Anyone that has ever gone on a cruise discovers one true fact: As soon as you’ve figured everything out, it’s time for you to go home. Unfortunately, new experiences usually have steep learning curves.
As a result, we’ve compiled the best of the Douro River Cruise so you know exactly how to prepare.
The river is the region's defining feature, stretching from Spain's Vega de Terron (a stop along the river where you can head to the lovely city of Salamanca) to the Atlantic Ocean.
The journey upriver is amongst the most scenic routes in the world. River cruises can last from an hour to one or more days, with or without food and perhaps even vineyard visits, and are a delightful way to embrace the landscape.
The cruising season begins in late March and runs into late November. Even though there is certainly no Christmas markets season in the area, Viking River Cruises does offer trips during December.
Usually the best times to pay a visit are in spring, May and June, and then once again during harvest season -- in fall months of September and October.
For the best prices, shoulder season months, like March through to May and then again in November since this offers the cheapest fares but you may find the weather a bit cooler and rainy.
July and August are great times for snagging deals since the area can be quite hot during the period.
Although it is probably busy, you can anticipate an explosion of colourful flowers and greenery and the garden will simply be amazing in full.
This route is so popular and companies are starting to add more lines. These include Emerald Waterways, AmaWaterways, APT, Uniworld, Scenic and Viking River Cruises.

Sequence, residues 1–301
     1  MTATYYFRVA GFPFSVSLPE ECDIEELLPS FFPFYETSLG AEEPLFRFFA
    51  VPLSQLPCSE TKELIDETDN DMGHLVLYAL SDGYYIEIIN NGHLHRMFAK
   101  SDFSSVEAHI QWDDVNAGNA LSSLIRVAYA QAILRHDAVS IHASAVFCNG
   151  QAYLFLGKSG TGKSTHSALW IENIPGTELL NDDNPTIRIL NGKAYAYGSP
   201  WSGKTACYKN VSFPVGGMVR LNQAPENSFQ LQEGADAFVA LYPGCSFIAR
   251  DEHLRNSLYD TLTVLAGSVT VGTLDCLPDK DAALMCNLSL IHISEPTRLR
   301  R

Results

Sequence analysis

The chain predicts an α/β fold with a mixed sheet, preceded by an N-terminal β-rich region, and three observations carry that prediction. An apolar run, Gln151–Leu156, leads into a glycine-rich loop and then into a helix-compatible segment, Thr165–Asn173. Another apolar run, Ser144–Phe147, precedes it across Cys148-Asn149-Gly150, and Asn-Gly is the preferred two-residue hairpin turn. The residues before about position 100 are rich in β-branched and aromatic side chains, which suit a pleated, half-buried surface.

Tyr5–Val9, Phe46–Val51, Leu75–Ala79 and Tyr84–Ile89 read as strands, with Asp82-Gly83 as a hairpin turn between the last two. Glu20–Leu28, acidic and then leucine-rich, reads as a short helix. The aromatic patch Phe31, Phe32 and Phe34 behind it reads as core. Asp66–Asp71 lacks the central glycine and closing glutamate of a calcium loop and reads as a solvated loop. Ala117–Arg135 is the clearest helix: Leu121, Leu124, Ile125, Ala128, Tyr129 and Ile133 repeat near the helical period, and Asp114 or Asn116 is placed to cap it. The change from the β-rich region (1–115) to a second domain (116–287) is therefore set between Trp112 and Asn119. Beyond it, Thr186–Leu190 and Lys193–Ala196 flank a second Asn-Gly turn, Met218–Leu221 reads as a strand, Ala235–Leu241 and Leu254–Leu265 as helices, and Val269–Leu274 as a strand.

On many occasions, ships are actually controlled by DouroAzul, a Portugal-based company that owns much of the region's cruising infrastructure, from docking facilities to coaches. However, companies do get to choose how to operate their tour for example types of food etc.
Itineraries can vary very little between cruise lines. Typically, Longer trips (10 nights and more) begin in Madrid or, on the reverse, in Lisbon before travellers are delivered by coach to their ships. The 7 night cruise travels between the delightful UNESCO approved city of Porto and a small village, known as Vega de Terron. This is a docking point for the two-hour bus ride to Salamanca.
Most of the itinerary highlights are in two genuinely beautiful cities (Spain's Salamanca and Portugal's Porto).
A fair portion of the itinerary can actually be pretty slow and laid-back possibly influenced by nature of the Spanish and Portuguese.
As there's plenty to do, one thing that may catch you off guard is that there's no night navigation, therefore ships must cruise from sunrise to sunset.
Hopefully we have helped you decide to take a look at this wonderful region and most importantly make the most of your trip.